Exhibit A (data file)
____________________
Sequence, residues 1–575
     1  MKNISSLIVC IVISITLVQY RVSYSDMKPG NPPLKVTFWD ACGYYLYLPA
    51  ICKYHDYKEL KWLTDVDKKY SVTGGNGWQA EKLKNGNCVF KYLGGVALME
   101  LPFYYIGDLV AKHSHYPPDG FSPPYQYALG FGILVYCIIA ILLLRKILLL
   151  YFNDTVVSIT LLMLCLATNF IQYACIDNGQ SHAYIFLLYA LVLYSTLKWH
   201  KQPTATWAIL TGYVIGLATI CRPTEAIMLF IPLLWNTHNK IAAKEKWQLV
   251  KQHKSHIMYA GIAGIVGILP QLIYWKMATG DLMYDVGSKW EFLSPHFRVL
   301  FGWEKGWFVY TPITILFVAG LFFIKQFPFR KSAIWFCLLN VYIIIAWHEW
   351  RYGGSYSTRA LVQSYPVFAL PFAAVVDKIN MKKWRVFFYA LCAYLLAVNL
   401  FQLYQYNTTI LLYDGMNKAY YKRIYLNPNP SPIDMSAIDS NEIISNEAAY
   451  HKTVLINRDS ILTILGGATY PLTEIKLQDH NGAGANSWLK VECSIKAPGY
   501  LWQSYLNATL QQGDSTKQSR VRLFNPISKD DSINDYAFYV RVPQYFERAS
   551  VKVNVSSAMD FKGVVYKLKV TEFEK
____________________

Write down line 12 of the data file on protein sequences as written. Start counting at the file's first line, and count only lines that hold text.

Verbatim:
   501  LWQSYLNATL QQGDSTKQSR VRLFNPISKD DSINDYAFYV RVPQYFERAS